Opinion: Stop Rotten Attitudes Toward BC Dining

As the semester winds down and the dining dollars start approaching the dreaded double zeros, some BC students choose to forgo some of the foods they normally indulge in or even ask their friends to pay for their food. Some people need to add hundreds of dollars on to their account to make it through the semester, while others have hundreds of dollars left over at the end of the semester. But one thing is constant: the complaints about BC Dining.

Yes, the dining hall food may seem overpriced. Yes, underclassmen have no choice but to buy into the dining plan. And yes, you may be stricken with “culinary fatigue” resulting from routinely eating the same foods. However once one realizes how much goes into providing quality food for thousands of students every day, a more positive opinion of BC Dining emerges. Looking into the dining experience, it quickly becomes evident that BC Dining provides quality food and convenient services that are not appreciated as much as they should be by the student body.

When we walk into the dining hall, the floor, bathrooms and tables (sometimes) are clean. Then venturing into the food serving area, there are more options than anyone would ever have at home, with special events nights intermixed. The food is hot when it needs to be, cold when it should be, and fresh like it’s expected to be. You may wait a little bit to get your made to order food, but isn’t that the case at home too? After paying for your meal, you grab clean silverware and search for a table. It may be hard to find and maybe you will need to sit close to a stranger. However, that will give you the chance to eat, drink, talk and think with someone new.

Kara Weeks / Gavel Media

Kara Weeks / Gavel Media

As you finish your meal and leave the dining hall, you simply dump your plate and silverware on a conveyor belt or on a cart to be taken away and cleaned for you the next day. You don’t have to clean the mess you make or the dishes you dirty. Do you think you could pay someone to buy, store, prepare, and cook your food your for $25 a day? And make sure where you eat is clean? And be open for upwards of 19 hours a day?

Each semester, every student that lives on campus in a dorm without a kitchen, has $2,328 of “Mandatory Dining Plan” money and $175 of “Mandatory Dining Bucks” to spend. If you ate on campus every day of the semester, never went home for any break, and even stayed until the last day of finals, you will have approximately $25 a day to spend.

Sure, no one keeps track of their dining bucks until fear of starvation sets in at the end of the semester. However, the amount of dining dollars per year and ultimately the amount billed to each student’s accounts are allocated for $25 a day. It may also seem unrealistic to only spend this much money, however if you budget your money you will find that $25 a day is more than enough.

The upperclassmen may have realized a slight increase in prices from last year to this year. That is not BC Dining trying to rip you off, instead it is a response to an increase in food prices. Wheat, milk and beef prices have skyrocketed. Because of the unpredictability of food prices and the huge upfront costs, BC simply cannot afford to refund students with the extra dining money they have on their account at the end of the year, as I learned from BC Dining Administrators Beth Emery and Michael Kann.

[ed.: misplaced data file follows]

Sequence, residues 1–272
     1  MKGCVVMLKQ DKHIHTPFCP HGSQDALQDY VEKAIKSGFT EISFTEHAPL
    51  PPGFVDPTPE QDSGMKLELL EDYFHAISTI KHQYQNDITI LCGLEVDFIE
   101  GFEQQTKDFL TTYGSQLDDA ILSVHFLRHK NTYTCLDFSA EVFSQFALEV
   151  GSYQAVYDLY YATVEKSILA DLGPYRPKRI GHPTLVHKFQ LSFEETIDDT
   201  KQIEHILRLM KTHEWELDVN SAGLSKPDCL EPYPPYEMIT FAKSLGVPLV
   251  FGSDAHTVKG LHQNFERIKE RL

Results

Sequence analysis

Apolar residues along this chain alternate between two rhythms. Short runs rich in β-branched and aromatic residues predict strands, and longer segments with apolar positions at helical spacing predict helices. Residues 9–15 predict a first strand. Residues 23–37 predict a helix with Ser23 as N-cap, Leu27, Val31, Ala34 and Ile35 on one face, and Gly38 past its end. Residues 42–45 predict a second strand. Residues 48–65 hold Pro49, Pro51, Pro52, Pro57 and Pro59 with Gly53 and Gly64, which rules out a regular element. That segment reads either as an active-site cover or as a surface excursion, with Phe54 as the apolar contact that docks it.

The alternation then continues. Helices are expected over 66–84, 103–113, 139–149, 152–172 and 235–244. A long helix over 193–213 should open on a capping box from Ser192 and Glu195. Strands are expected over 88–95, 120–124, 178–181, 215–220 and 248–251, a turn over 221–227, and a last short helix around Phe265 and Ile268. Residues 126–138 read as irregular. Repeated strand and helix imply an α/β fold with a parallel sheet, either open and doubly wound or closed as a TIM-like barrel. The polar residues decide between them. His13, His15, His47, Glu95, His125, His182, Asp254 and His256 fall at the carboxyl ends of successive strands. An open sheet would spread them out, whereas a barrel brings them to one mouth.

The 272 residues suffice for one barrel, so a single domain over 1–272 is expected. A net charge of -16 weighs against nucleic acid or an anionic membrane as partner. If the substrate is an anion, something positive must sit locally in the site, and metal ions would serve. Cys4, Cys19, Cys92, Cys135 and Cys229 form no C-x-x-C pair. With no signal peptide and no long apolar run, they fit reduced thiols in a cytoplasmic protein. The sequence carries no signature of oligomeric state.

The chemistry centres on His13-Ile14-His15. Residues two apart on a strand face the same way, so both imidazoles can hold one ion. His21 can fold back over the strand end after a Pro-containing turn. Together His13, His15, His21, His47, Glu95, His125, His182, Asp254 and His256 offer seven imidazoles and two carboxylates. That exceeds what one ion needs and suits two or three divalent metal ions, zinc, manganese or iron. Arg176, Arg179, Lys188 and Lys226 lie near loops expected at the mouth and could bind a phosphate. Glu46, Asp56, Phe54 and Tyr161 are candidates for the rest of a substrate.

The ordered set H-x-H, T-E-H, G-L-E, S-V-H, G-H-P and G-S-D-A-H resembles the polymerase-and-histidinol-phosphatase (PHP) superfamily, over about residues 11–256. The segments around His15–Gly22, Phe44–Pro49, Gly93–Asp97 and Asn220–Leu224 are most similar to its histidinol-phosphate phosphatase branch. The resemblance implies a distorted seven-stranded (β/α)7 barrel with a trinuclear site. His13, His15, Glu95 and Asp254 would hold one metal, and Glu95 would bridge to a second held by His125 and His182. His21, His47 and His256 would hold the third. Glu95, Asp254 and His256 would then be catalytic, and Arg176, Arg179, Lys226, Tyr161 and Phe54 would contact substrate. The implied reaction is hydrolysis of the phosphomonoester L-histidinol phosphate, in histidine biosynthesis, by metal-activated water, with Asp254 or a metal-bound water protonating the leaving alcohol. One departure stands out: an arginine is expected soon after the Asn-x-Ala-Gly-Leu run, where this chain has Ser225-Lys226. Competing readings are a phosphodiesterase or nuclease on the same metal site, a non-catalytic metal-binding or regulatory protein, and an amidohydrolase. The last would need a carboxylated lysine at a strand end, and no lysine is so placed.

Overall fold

Gillian Freedman / Gavel Media

Gillian Freedman / Gavel Media

Roughly a third of the BC Dining costs go toward food prices, while another third goes to labor. A considerable chunk goes toward facility fees and labor benefits. The rumor that there is a $200 fee that BC allocates toward stolen food is not true. BC Dining is transparent about their costs and strives just to break even.

As most students have noticed BC Dining often hires disadvantaged and challenged community members, providing them with a learning environment that will help them grow. Although it may be inefficient from a cost standpoint, this is part of BC Dining’s mission, and to that point, Boston College’s. They also give the same health and insurance benefits to their full time employees as the BC professors receive. They pay a livable wage to their employees, $12.50 an hour and hire people of over 30 different nationalities, together speaking 42 different languages.

BC Dining is trying to implement programs that students enjoy. They value our opinion and want us to be satisfied with our food and dining experience. On the BC dining website one can find exactly what will be served at every dining hall, and the nutrition facts of each item. One can also find the special events, and other promotions they run.

As you start to complain about BC Dining, remember the scope of the work they do, the conveniences they give us, and that we have one of the best college dining programs in the country.

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